In an example embodiment, a database of information relating to the implantable medical device 300 (e.g., an implantable drug pump) is stored in the memory 139. In an example embodiment, the information includes a list of clinician-approved drugs and dosage parameters such as rate, concentration, total daily dose, therapeutic limits, etc. associated with each of the drugs. In an example embodiment, a baseline database of information is initially uploaded into the memory 139. In an example embodiment, the controller 138 manages the function of uploading a database of information, as well as writing changes, additions or updates to the database of information. Under control of the controller 138 and in response to user inputs provided via the user input mechanism 142, the programmer 100 a performs the various functions described herein, in particular, providing an interactive user interface, e.g., a graphical user interface (GUI), at the display 148.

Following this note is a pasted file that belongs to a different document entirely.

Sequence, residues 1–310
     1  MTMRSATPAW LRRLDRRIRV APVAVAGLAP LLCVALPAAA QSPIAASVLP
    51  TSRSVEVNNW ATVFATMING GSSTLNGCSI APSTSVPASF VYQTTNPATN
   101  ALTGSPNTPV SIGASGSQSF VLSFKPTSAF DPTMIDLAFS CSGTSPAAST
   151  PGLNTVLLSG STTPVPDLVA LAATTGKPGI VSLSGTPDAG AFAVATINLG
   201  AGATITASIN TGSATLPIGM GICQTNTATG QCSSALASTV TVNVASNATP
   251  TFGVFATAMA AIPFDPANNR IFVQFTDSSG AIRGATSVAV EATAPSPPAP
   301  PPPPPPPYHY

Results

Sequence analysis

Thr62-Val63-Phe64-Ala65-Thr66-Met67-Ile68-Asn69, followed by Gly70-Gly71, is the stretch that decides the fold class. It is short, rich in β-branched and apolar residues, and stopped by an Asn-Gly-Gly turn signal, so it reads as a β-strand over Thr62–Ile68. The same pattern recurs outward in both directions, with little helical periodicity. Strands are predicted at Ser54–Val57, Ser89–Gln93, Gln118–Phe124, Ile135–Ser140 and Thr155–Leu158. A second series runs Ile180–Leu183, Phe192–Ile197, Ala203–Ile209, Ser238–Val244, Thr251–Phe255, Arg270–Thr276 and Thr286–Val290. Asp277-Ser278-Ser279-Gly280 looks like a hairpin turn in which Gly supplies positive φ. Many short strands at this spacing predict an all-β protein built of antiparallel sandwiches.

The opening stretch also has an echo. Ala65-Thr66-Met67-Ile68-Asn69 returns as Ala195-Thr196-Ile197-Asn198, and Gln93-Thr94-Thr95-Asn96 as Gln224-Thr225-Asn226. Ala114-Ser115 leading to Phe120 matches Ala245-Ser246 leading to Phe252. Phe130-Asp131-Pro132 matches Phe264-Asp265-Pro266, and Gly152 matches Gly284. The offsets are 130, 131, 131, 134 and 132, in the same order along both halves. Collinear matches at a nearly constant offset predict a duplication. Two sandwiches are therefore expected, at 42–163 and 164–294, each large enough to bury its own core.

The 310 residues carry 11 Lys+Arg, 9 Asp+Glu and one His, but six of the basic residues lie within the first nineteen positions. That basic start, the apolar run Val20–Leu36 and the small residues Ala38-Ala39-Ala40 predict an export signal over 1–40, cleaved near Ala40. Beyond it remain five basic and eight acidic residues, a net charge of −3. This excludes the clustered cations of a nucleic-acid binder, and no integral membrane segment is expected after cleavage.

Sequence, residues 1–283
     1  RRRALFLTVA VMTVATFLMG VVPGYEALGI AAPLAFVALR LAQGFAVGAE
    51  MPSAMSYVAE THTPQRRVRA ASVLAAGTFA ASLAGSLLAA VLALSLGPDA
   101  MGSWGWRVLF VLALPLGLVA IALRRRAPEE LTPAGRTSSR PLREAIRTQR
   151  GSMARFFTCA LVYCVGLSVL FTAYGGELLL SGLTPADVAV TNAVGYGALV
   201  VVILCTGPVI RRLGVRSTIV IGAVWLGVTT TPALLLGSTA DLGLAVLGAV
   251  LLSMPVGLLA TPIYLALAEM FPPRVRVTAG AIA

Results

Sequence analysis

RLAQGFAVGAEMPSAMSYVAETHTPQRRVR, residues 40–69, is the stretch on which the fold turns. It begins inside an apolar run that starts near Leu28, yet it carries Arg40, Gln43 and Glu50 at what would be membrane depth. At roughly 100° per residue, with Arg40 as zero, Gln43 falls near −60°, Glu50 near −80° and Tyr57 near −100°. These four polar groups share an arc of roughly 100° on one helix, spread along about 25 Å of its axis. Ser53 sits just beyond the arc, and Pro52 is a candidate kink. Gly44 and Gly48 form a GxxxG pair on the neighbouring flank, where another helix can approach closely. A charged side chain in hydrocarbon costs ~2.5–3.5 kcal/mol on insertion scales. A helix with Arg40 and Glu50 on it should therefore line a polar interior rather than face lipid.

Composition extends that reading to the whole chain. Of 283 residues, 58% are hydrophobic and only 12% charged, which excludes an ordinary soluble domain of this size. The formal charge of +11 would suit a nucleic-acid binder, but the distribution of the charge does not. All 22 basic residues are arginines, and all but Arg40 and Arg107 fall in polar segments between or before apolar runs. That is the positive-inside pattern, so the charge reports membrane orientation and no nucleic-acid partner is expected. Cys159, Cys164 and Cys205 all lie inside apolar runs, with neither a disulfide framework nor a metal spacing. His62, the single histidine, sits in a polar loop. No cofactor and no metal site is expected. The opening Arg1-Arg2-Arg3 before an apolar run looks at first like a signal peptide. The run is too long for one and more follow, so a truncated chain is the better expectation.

Referring to FIG. 6, in an example embodiment, a method 600 of controlling a drug delivery safety system is now described. At 602, ambulatory medical device (e.g., IDP) information and programmer user input(s) are received and processed by the controller 138. For example, a drug delivery protocol requested by a user of the programmer 100 a is evaluated in relation to clinician-approved drug delivery protocols stored in database of information. At 604, it is determine whether a requested drug delivery protocol is clinician-approved. If the result of this determination is affirmative, the user of the programmer 100 a, at 606, is prompted to provide an additional input or verification of the requested drug delivery protocol. At 608, the user is prompted to provide verification as to whether the database of information for the ambulatory medical device is to be updated. However, if the requested drug delivery protocol is not clinician-approved (vis-a-vis the database of information), at 610, the programmer 100 a generates a warning indicating this. By way of example, the warning can be generated using one or more of the LED(s) 146, alarm 147, and display 148. At 612, the requested drug delivery protocol is limited or denied.